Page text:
Digital Rare Book:
Universities in Ancient India
Published by Maharaja Sayaji Rao University, Baroda -1923
This brochure contains a brief account of the famous universities in Ancient India. The term 'university' as used here simply means a centre where higher education was imparted to aspiring students. It does not connote all the different features possessed by the universities in the East and the West to-day. There were a number of important features in these universities, which do not find a parallel in our modern institutions going under the name. The following brief account of these universities will enable the reader to have some idea of education imparted in these institutions during the long period of about 2,000 years beginning with the 10th century B.C. and ending with the I2th century A.D. It is hoped that a perusal of this booklet will enable him to compare our present institutions with those of ancient India and realise that the centres of higher learning in ancient India were unique in their organization and scholarship during those distant times when elsewhere in the world very few had thought of organised, education at the university level.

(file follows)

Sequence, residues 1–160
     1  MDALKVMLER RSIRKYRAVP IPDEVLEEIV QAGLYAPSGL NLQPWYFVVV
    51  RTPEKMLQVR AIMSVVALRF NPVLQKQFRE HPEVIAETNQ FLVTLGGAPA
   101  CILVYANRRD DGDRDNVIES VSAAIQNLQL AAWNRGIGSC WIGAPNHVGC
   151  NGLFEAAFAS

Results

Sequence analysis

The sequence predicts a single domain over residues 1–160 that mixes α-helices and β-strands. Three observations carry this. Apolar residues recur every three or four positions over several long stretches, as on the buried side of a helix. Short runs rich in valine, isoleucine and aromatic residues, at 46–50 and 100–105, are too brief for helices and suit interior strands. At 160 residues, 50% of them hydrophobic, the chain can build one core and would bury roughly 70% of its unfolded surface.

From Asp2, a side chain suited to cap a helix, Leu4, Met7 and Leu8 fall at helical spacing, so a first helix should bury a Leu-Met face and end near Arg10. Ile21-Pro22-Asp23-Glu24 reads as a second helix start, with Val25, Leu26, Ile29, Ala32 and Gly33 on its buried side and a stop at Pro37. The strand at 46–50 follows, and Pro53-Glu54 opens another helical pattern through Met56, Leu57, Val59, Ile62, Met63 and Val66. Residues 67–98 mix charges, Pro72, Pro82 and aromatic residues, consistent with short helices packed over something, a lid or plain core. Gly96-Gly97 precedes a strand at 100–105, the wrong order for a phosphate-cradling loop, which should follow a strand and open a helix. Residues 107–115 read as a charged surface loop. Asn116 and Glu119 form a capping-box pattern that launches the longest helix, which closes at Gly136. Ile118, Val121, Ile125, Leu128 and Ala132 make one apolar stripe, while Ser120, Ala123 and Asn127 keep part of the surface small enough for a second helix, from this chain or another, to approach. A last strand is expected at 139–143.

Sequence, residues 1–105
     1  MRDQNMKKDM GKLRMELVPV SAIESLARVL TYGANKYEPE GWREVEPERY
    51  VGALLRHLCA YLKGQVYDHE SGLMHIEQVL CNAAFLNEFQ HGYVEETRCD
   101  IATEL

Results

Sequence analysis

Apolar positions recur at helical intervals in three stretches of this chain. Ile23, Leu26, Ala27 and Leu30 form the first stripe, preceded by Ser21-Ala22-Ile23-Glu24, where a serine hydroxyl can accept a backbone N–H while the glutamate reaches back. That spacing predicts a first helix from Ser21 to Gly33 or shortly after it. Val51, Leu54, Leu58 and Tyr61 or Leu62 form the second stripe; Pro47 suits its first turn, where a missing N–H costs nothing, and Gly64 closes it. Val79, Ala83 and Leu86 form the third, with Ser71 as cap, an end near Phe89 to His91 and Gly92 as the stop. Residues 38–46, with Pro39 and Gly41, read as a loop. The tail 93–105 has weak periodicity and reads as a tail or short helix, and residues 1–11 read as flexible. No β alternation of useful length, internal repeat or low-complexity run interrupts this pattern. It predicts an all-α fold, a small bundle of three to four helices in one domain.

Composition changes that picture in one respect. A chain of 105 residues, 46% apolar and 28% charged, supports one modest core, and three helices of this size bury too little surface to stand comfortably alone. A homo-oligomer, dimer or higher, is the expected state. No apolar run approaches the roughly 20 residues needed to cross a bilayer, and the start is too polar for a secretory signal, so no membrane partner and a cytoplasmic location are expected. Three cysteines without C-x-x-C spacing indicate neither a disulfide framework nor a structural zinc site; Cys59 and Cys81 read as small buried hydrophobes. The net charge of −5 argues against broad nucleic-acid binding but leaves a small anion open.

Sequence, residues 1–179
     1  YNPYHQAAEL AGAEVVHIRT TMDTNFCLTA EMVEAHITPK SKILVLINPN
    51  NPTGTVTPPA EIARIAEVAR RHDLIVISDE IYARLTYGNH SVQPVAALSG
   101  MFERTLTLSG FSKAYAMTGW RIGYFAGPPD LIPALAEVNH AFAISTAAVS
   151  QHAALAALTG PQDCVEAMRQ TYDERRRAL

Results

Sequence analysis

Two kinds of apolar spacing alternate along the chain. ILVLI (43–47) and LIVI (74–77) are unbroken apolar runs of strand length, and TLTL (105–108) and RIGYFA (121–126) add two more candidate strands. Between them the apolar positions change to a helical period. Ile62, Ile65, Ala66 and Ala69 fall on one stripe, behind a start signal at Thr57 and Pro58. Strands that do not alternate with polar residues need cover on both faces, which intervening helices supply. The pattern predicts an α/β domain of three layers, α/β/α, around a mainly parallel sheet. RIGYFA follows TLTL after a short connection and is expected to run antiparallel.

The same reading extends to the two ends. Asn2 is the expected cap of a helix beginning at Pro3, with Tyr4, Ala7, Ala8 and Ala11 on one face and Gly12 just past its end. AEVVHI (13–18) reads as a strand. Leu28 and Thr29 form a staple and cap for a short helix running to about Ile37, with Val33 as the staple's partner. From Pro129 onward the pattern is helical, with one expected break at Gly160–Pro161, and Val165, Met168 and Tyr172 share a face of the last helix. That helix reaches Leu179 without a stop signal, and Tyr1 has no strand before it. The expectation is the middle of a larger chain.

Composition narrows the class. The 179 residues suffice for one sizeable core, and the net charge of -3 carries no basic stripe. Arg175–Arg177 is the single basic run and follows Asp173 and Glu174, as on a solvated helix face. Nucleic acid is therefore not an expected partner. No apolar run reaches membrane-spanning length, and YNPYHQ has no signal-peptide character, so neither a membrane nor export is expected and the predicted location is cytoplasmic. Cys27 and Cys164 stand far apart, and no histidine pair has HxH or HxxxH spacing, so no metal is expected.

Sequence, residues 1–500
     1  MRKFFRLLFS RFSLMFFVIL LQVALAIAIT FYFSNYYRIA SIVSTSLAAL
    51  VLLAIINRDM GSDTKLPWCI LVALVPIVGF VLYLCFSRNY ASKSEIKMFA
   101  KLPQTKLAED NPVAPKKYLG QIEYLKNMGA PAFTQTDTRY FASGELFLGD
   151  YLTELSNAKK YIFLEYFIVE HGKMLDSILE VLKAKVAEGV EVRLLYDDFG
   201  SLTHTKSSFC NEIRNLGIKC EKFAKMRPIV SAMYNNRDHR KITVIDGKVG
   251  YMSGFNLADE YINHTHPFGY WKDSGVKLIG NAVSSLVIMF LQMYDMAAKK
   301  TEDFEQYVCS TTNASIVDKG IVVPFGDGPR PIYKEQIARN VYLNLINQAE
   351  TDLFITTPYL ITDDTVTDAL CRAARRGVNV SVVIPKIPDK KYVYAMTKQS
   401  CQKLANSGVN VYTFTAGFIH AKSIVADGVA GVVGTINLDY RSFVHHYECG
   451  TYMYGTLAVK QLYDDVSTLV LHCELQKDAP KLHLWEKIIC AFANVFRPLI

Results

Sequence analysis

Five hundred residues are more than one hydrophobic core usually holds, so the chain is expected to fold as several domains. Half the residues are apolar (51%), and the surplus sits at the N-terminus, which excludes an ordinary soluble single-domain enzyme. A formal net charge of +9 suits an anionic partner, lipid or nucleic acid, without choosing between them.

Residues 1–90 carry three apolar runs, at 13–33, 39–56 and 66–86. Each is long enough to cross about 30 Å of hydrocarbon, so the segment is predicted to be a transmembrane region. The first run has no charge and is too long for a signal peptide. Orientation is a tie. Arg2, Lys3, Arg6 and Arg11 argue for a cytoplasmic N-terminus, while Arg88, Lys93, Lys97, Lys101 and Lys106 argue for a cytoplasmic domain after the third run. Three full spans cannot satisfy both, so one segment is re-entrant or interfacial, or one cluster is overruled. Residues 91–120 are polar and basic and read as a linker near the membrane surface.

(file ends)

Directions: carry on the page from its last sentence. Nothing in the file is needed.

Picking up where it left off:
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Excavated site Vikramshila, Antichak Vikramasila (village Antichak, district Bhagalpur, Bihar) is located about 50 kms east of Bhagalpur and about 13 kms north-east of Kahalgaon, a railway station on Bhagalpur-Sahebganj section of Eastern Railway. It is approachable through 11 kms long motorable road diverting from N.H.80 at Anadipur about 2 kms from Kahalgaon. Excavated remains represent the ruins of Vikramasila Mahavihara the celebrated university founded by Pala king Dharmapala in late 8th or early 9th Century A.D. It prospered for about four centuries before it collapsed in the beginning of 13th Century A.D. It is known to us mainly through Tibetan sources specially the writings of Taranath, the Tibetan monk historian of 16th-17th Century A.D. Vikramasila was one of the largest Buddhist universities having more than hundred teachers and about one thousand students. It produced eminent scholars who were often invited by foreign countries to spread Buddhist learning, culture and religion. The most distinguished and eminent among all was Atisa Dipankara, the founder of Lamaism in Tibet. Subjects like theology, philosophy, grammar, metaphysics, logic etc. were taught here but the most important branch of learning was tantrism. Meticulous excavation at the site conducted initially by Patna University (1960-69) and subsequently by Archaeological Survey of India (1972-82) has revealed a huge square monastery with a cruciform stupa in its centre, a library building and cluster of votive stupas. To the north of monastery a number of scattered structures including a Tibetan and a Hindu temple have been found. The entire spread is over an area of more than hundred acres. Read more: http://bit.ly/1Owcman
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